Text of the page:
How do we ever really know who we are? Why we do the things we do? Why we make the decisions we make? As children, we are raised in an environment where choices are made for us, and our specific circumstances and surroundings often determine how our lives are lived. As we grow older, we gain more independence and freedom. We are given more responsibility; we have more say in different matters. And at a certain age we leave our homes, where we are finally on our own and we determine how we will live. Yet there is always a question as to how we come to these decisions.

The Torah should unveil our personal autobiography

If we follow in the way that we were raised, then we have to wonder if we really chose this for ourselves, or if we are doing this because it is what we know and what we are comfortable with. On the other hand, if we rebel against our upbringing and do the opposite, then the question still remains. Are we doing what we feel is right, or are we just not doing things the way we were taught?

The lifelong process of figuring out who we are and who we want to be is what this week’s Torah portion, Lech Lecha, is all about. There is a Chassidic concept that we should “live with the times,” meaning that as each Torah portion is read, we need to find ourselves—our lives—in the words. The Torah, when properly learned, should unveil our personal autobiography.

So, what do we learn from Abraham? Abraham is a rebel. And from a very young age. But a rebel with a cause. The Midrash teaches us that as a small child he was sent to a cave, to solitary confinement, where he spent three years. When he emerged, he knew Hebrew and knew that there was a G‑d, the Creator of the world (Otzar Midrashim, “Ma’aseh Avraham”). He came out knowing who he was and what he believed, and began a lifelong process of breaking the idols in the world around him.

How did he learn when there was no one to teach him? He looked within. He read his soul.

It is said that when the whole world was on one side, on eiver echad, Abraham was on the other side, eiver sheni. It is this very word eiver that the term for the Hebrews, Ivri, comes from. For as a Jewish people, we are commanded to follow the Torah and live according to its ways, even if the whole world is against us.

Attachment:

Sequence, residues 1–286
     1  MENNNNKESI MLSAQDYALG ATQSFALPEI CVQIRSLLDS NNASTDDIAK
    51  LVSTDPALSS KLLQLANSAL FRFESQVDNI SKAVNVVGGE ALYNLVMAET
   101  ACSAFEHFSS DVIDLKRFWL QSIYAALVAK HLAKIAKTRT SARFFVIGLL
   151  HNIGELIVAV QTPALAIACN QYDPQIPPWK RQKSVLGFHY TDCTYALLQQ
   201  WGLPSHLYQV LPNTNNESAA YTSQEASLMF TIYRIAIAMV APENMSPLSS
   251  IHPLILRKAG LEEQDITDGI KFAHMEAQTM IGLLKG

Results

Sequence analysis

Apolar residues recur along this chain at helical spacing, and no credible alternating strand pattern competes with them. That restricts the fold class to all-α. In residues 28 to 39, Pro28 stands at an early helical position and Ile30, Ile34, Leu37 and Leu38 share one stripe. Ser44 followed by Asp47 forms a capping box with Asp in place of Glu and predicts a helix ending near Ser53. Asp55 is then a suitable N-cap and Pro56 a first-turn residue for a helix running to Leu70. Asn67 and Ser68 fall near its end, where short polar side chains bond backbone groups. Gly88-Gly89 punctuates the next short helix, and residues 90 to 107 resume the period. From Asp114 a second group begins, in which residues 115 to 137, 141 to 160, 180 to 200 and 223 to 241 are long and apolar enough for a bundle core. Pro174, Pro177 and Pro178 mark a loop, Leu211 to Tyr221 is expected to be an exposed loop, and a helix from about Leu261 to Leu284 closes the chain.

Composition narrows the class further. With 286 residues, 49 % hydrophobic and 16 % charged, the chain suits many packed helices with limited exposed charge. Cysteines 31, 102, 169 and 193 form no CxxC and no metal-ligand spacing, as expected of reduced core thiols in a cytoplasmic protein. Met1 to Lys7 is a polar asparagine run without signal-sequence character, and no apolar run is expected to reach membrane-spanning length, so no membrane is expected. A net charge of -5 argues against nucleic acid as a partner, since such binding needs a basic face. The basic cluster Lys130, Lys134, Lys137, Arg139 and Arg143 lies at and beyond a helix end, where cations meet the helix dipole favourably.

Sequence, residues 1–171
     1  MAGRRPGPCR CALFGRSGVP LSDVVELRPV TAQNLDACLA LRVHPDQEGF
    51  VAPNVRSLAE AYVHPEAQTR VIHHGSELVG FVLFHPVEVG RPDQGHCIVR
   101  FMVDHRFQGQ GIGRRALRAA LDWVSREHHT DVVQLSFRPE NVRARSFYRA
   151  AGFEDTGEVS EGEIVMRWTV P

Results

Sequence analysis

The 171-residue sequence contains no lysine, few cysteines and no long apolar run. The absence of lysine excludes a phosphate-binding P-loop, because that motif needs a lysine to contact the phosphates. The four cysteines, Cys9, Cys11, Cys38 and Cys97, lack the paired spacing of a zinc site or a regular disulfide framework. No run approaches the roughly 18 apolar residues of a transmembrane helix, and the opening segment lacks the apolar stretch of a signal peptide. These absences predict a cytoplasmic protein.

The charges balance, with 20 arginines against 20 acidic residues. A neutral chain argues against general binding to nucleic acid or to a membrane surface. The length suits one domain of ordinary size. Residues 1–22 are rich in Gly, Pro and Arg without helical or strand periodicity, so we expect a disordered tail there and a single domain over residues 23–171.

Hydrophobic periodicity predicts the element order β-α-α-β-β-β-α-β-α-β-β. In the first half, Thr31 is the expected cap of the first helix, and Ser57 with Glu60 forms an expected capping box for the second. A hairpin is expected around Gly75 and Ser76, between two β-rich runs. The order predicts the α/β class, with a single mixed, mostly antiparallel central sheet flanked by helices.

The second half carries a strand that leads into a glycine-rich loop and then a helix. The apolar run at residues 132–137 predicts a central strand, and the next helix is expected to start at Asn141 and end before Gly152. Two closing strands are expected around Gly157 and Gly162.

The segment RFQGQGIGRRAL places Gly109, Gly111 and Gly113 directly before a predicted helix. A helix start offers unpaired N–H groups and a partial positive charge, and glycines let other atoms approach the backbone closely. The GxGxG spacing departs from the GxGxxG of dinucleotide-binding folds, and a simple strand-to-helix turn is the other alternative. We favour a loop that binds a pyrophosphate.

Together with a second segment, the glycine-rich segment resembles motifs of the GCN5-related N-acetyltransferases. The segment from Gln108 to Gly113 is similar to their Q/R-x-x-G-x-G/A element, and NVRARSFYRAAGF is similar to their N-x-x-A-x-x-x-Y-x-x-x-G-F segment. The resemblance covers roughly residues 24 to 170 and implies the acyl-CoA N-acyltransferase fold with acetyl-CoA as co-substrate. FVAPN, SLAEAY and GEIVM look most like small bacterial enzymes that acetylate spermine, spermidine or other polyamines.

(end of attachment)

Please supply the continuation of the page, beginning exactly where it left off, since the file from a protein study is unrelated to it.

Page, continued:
This is why a convert to Judaism is called the son or daughter of Abraham. For a convert has the greatest test of all; the convert is the potential Jewish soul that has been born to non-Jewish parents. The convert is the one who has to stand on the other side, to break away from how he or she was raised, educated and brought up to believe, and say, “No matter what you think, I know my soul, and I am a Jew.”

And yet it is not only the righteous convert, but every one of us that needs to do this as well. Each Jew must look at him- or herself and ask the question, “Who am I? What do I believe?” For we are not intended to be robots; we must do, but we also must know and understand. Judaism is not only about practicing; it is about living.

We need to meet ourselves all over again

The Torah portion begins, “Go for yourself, from your land, from the place where you were born and from your father’s house, to the land that I will show you” (Genesis 12:1). According to the Zohar, the words lech lecha, which constitute the name of the Torah portion and are in its opening verse, do not only mean “go for yourself,” but simultaneously mean “go to yourself.” And how do we go to ourselves, discover who we truly are? We need to leave our land, our birthplace and our father’s home.

This teaches us that in order to really know ourselves, we must temporarily distance ourselves from the influences of those around us. This doesn’t mean that we need to physically move or go anywhere (though for some that may be part of the process); but spiritually and emotionally, we need to meet ourselves all over again.

So, we must leave our land, society at large, American culture, the socioeconomic pressures. We need to stop worrying about what the world wants from us, and start looking within, to our soul, to know what we want from ourselves, what our Creator wants from us.

But that is not enough.

We must go from where we were born. From our more direct surroundings. From those whom we were raised with, our school systems, our communities, our friends and extended family. We must not allow their influences to get in the way of learning who we are truly meant to be.

And then, hardest but just as essential, we must go from our father’s home. We must recognize that as much as we may want to live in the very path that we were raised (ideally, this is the case), we must choose it for ourselves. We must take ownership of this direction.

It is then, and only then, that the new land is shown to us—our potential, our possibilities, and the world that awaits us. It is only then that we can progress, for we cannot move forward until we truly know who we are. This is how we lech lecha, go from ourselves, back to ourselves.

Even a fish that is dead will move with the current

And we do this as Ivrim, as Jews, willing to stand on “the other side,” from the rest of the world, as those who will pursue truth and righteousness, even when popular view may greatly differ. The more we break those idols in our own world and the world around us, the stronger we can become.

This is what Abraham teaches us. This is what it means to be a Jew—to swim against the current, reveal our G‑dly soul and our unique missions in this world—when we go from ourselves to ourselves, to discover and reveal our true essence.